Which Edibles Need Bees to Produce?

Or other pollinators for that matter?

The thing is, not all edible crops need to be pollinated by bugs.

Some don’t need bees or other pollinators at all; others benefit from them but can still produce even if they are not around.

As this bean flower opened, it transferred the male's pollen to the female part of the flower. There are only a few plants that self-pollinate.

Most legumes, like this bean flower, will pollinate themselves.

Here’s a list of what’s what:

We need pollinators all the time:
• Cucumbers
• Melons and watermelons
• Berries
• Tree fruits

Melons and cucumbers can be hand-pollinated, but it is a somewhat cumbersome task. Or as one reader joked, cucumbersome.

We can be pollinated with human help:
• Squashes, both winter and summer types, by hand
• Tomatoes, by air movement
• Eggplant, by air movement
• Peppers, both Hot and Sweet, by air movement

Squashes, with their rather large male and female flowers, are easy enough to hand pollinate. Just remember to get as much pollen on the female plant as you can. The more there is, the better the chances the fruit will develop well.

Wind pollinated veggies, such as tomatoes, peppers, and eggplant are fertilized by the beating of bees’ and other insects’ wings. You can likewise give the plants a little shake, or use a battery operated toothbrush or tuning fork touched to the stems to move the pollen.

You can actually seen the pollen as it falls.

We do not need pollinators to produce:
• All leafy greens
• Brassicas, inc. broccoli, cauliflower, cabbage, brussel sprouts and kohlrabi
• Below ground root veggies and tubers such as carrots, parsnips, salsify, potatoes, sweet potatoes, horseradish
• Ground level root veggies such as beets, turnips, rutabagas
• Most legumes including peas and beans
• Corn, like other wind pollinated veggies, giving them a little shake helps distribute the pollen.
• Herbs
• Celery
• Onions and leeks

These veggies will all grow by themselves when planted from seed.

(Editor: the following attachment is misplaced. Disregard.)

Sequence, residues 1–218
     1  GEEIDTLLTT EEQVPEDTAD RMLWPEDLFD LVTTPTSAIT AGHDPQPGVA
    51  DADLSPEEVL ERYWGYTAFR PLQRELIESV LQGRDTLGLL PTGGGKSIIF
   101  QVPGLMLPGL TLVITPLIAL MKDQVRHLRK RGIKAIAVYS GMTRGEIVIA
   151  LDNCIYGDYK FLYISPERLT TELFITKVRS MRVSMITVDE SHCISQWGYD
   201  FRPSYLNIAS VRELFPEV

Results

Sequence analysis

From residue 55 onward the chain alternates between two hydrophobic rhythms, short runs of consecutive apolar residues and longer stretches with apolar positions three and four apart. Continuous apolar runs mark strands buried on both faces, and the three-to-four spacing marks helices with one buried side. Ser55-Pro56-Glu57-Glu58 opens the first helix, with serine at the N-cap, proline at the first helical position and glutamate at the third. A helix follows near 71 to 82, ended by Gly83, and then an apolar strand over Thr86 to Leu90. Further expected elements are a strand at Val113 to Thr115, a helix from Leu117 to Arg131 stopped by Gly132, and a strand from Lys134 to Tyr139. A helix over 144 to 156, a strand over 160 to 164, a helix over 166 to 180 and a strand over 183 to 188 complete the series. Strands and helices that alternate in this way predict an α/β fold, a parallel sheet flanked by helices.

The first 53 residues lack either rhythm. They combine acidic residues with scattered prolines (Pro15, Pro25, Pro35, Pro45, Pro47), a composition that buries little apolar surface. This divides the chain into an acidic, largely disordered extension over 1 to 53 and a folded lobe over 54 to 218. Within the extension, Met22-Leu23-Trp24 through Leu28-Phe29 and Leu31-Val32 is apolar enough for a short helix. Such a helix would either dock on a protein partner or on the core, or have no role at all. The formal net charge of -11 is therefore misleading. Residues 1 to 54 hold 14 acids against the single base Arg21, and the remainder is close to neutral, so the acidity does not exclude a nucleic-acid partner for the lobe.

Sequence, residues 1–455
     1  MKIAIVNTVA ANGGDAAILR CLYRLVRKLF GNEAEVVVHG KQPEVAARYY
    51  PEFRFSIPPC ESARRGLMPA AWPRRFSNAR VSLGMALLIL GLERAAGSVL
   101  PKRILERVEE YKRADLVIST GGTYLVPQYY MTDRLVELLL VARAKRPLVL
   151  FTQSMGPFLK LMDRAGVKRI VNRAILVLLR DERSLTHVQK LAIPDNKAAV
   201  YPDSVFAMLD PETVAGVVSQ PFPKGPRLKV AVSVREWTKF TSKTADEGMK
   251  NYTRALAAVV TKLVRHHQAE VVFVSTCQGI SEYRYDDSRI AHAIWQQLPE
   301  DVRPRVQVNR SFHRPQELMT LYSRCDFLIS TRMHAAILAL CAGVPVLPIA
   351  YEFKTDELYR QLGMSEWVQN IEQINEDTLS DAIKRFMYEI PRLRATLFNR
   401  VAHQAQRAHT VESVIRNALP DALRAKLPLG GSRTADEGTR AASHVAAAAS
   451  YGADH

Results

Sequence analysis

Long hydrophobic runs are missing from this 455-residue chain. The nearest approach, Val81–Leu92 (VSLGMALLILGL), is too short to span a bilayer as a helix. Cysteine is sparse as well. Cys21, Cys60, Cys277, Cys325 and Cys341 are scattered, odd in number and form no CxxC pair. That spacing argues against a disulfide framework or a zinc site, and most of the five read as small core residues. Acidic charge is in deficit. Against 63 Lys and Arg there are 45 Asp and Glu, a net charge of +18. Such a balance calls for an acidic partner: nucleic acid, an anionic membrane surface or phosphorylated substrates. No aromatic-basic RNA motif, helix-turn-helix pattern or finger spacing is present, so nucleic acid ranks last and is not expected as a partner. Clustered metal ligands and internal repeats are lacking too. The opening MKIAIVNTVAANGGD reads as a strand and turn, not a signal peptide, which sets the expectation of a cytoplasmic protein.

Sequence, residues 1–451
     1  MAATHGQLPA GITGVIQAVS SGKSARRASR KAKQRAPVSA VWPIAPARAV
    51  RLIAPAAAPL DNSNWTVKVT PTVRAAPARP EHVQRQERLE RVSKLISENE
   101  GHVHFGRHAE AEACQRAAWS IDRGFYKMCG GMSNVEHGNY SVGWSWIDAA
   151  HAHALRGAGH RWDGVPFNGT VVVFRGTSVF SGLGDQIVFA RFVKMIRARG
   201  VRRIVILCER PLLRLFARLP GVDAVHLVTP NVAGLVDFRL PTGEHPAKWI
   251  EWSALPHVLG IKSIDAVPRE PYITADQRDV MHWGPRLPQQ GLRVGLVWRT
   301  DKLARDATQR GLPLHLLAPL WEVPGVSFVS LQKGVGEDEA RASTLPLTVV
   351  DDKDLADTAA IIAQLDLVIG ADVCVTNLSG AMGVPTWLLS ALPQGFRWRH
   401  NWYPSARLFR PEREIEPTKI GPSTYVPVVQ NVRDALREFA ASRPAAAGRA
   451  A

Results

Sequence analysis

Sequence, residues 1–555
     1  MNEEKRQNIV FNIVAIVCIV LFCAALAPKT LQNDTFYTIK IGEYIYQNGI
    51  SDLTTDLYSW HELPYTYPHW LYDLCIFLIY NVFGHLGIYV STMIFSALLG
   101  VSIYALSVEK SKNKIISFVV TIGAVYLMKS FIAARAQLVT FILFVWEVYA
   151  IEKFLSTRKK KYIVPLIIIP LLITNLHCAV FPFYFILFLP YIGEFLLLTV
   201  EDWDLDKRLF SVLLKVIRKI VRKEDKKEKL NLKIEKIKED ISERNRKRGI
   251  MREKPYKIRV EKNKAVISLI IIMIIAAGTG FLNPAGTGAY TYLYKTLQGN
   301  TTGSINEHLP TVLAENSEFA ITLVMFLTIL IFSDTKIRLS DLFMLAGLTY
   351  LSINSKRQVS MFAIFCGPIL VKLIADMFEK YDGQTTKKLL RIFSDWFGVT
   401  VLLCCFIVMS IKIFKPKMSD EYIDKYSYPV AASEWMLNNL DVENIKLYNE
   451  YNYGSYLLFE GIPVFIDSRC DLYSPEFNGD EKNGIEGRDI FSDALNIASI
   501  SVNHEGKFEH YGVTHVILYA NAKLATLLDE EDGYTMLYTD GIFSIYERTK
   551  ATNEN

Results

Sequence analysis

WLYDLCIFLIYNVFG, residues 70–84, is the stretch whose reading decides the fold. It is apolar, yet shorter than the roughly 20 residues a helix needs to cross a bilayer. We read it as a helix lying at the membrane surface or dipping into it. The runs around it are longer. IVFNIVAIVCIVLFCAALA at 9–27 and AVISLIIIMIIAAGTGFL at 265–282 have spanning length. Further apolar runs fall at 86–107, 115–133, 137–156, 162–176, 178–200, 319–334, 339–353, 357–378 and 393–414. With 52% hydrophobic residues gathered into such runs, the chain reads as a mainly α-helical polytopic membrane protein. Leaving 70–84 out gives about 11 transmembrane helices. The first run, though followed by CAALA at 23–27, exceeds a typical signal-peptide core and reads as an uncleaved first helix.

Exceptions: There are a number of hybrids, some cucumbers and tomatoes for example, that are parthenocarpic. These varieties do not need to be pollinated and will not produce a viable see either.
They are good for growing in greenhouses or where the availability of pollinators is limited.

To attract bees to your crops that need them, plant flowers and herbs they love. The closer they are to the veggies that need the help, the better your chances of pollination.

Sunflowers are a particular favorite, and you can save and roast the seeds as well.

We see that as a beautiful win-win.

Please Note: When you pollinate a veggie by hand, this is known as Hand Pollination, not Self Pollination. These terms often get confused.

Most peas and beans self-pollinate as the flowers open, transferring the pollen as needed.

Other veggies, like tomatoes, are self-fertile, meaning they have both male and female parts on the same flower. It doesn’t mean they can transfer that pollen like a pea will. Bees help, and you can too.


February 13, 2016 · gj · 2 Comments
Tags: , , , , , , , , ,  · Posted in: All About Seeds, How to Grow

2 Responses

  1. Mike the Gardener - February 17, 2016

    Excellent list GJ.

    On a side note, I love having an abundance of bees in my garden. It looks like a sign of a healthy environment for them.

  2. gj - February 19, 2016

    That’s an excellent sign!

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